Schooled to Order

Schooled to Order Author David Nasaw
ISBN-10 9780195028928
Release 1981
Pages 303
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Argues that as public schools became integral to the maintenance of American lifestyles, they increasingly reflected the primary tensions between democratic rhetoric and the reality of a class-divided system



Reign of Error

Reign of Error Author Diane Ravitch
ISBN-10 9780385350891
Release 2013-09-17
Pages 416
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From one of the foremost authorities on education in the United States, former U.S. assistant secretary of education, “whistle-blower extraordinaire” (The Wall Street Journal), author of the best-selling The Death and Life of the Great American School System (“Important and riveting”—Library Journal), The Language Police (“Impassioned . . . Fiercely argued . . . Every bit as alarming as it is illuminating”—The New York Times), and other notable books on education history and policy—an incisive, comprehensive look at today’s American school system that argues against those who claim it is broken and beyond repair; an impassioned but reasoned call to stop the privatization movement that is draining students and funding from our public schools. ​In Reign of Error, Diane Ravitch argues that the crisis in American education is not a crisis of academic achievement but a concerted effort to destroy public schools in this country. She makes clear that, contrary to the claims being made, public school test scores and graduation rates are the highest they’ve ever been, and dropout rates are at their lowest point. ​She argues that federal programs such as George W. Bush’s No Child Left Behind and Barack Obama’s Race to the Top set unreasonable targets for American students, punish schools, and result in teachers being fired if their students underperform, unfairly branding those educators as failures. She warns that major foundations, individual billionaires, and Wall Street hedge fund managers are encouraging the privatization of public education, some for idealistic reasons, others for profit. Many who work with equity funds are eyeing public education as an emerging market for investors. ​Reign of Error begins where The Death and Life of the Great American School System left off, providing a deeper argument against privatization and for public education, and in a chapter-by-chapter breakdown, putting forth a plan for what can be done to preserve and improve it. She makes clear what is right about U.S. education, how policy makers are failing to address the root causes of educational failure, and how we can fix it. ​For Ravitch, public school education is about knowledge, about learning, about developing character, and about creating citizens for our society. It’s about helping to inspire independent thinkers, not just honing job skills or preparing people for college. Public school education is essential to our democracy, and its aim, since the founding of this country, has been to educate citizens who will help carry democracy into the future.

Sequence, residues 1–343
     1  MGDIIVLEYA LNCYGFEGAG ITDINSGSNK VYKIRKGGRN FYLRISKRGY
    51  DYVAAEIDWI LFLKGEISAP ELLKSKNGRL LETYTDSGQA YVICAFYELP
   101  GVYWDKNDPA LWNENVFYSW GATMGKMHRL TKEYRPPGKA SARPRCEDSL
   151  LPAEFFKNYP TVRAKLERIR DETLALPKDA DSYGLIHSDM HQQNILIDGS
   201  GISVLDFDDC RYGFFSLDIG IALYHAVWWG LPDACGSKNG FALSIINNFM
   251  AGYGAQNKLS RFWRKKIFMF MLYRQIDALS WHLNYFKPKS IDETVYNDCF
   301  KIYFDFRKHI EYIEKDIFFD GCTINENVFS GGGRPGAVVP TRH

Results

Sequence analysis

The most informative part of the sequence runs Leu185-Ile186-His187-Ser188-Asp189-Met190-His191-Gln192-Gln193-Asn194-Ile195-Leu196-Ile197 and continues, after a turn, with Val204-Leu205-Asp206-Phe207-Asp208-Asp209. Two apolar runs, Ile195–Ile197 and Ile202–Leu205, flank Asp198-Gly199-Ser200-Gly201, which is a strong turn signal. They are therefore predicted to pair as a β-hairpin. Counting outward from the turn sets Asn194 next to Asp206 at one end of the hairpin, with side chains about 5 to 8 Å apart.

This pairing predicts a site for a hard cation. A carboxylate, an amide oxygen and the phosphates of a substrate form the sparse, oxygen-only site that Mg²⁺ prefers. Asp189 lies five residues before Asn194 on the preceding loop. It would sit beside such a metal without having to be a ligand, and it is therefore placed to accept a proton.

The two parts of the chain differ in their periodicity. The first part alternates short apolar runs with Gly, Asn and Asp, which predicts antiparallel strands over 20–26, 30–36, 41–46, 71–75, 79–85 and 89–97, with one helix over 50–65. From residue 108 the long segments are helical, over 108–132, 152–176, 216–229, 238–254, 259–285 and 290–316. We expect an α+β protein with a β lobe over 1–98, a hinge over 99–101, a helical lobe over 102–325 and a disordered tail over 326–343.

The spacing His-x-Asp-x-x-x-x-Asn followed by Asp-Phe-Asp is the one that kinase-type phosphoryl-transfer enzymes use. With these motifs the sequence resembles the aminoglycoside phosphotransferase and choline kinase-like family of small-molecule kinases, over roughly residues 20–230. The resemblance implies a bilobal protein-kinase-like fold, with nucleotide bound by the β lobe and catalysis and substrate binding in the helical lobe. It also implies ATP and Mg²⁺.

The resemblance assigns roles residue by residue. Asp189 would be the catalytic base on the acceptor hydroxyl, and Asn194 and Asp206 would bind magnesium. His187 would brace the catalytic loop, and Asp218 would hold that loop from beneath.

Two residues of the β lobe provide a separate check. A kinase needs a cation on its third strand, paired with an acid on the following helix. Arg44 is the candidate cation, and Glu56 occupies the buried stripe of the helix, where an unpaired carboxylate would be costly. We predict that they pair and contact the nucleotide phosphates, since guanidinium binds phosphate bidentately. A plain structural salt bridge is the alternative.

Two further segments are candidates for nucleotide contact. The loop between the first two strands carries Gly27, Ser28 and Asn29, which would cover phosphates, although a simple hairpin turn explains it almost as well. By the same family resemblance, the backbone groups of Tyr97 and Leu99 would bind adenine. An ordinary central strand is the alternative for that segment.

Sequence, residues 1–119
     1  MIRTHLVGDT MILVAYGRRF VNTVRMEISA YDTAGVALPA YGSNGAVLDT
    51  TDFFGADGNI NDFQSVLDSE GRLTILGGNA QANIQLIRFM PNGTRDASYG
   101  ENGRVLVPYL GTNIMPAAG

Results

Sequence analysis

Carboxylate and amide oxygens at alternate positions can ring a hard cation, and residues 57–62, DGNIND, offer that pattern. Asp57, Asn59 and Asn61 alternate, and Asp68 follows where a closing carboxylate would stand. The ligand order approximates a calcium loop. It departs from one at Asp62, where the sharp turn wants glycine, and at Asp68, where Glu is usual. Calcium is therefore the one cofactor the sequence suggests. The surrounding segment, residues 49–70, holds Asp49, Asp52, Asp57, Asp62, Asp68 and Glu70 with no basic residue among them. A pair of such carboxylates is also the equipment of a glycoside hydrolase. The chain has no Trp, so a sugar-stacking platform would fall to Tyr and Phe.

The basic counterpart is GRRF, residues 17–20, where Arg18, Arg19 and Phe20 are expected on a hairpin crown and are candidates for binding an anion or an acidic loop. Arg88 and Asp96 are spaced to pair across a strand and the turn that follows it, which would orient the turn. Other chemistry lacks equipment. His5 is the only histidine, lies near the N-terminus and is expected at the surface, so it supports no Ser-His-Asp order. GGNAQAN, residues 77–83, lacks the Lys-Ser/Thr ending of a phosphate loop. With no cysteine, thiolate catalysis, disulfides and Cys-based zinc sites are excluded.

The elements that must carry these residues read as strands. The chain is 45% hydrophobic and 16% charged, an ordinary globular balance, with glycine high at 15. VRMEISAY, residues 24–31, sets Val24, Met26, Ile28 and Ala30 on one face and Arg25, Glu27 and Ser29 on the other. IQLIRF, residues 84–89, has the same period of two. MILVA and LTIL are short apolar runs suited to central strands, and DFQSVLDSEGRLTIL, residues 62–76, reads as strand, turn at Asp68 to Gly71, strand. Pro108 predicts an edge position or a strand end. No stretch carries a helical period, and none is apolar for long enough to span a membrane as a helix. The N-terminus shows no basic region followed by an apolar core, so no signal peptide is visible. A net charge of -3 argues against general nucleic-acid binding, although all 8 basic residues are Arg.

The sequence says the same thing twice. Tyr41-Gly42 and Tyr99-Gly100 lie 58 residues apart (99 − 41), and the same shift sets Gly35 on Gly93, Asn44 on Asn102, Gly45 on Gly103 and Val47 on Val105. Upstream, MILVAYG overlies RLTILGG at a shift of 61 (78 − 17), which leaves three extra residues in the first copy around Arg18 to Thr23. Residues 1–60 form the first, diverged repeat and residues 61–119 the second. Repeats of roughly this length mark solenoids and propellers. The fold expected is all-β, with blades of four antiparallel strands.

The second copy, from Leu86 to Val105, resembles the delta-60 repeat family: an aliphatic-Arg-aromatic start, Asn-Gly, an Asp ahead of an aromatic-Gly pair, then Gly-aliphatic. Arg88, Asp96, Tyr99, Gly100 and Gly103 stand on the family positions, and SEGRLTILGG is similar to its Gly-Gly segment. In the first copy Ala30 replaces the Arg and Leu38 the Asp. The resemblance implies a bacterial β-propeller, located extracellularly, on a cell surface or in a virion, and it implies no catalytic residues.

How to Be Heard

How to Be Heard Author Celine Coggins
ISBN-10 9781119373995
Release 2017-07-31
Pages 208
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THE BOOK FOR EVERY TEACHER WHO HAS EVER BEEN FRUSTRATED BY THE DECISIONS MADE OUTSIDE THEIR SCHOOL THAT AFFECT THE STUDENTS INSIDE THEIR SCHOOL. How to Be Heard offers every teacher 10 ways to successfully amplify his or her voice, and demonstrates that when teachers' voices are heard, they will be rightfully recognized and supported as change leaders in their schools. Celine Coggins, a renowned teacher advocate, offers nuts-and-bolts strategies that are recognized as the "price of admission" to becoming a credible and welcomed participant in important policy conversations and decisions. The author clearly demonstrates that it is not only possible for teachers to initiate change, but to also effectively participate on the policy playing field. In ten clear chapters, the author demonstrates how teachers can and must advocate for their students and their profession. Throughout this book Coggins proves that "If you're not at the table, you're on the menu." This how-to guide is filled with concrete ideas for engaging in productive decision-making, using real-world examples from teachers who have successfully used these strategies. PRAISE FOR HOW TO BE HEARD "This book is a must-read for teachers. It's filled with insight on how our educators can influence game-changing policy and practice while putting kids' success at the forefront." —Hanna Skandera, Secretary of Education, State of New Mexico "Teachers have a voice, and in this book Celine teaches educators how to strategically use it. It's like the Teach Plus Fellowship in a bottle!" —Marilyn Rhames, writer, nonprofit leader, and Teach Plus Fellowship alumna "In How to Be Heard, Celine shares her belief in the creative power of teaching with the lessons learned from her years leading Teach Plus—lessons that can help every teacher to understand the intricacies of policy, to develop skills in advocacy, and to escape the frustration of not being heard in decisions that affect their classrooms and their students." —Steve Robinson, teacher and former White House education adviser under President Obama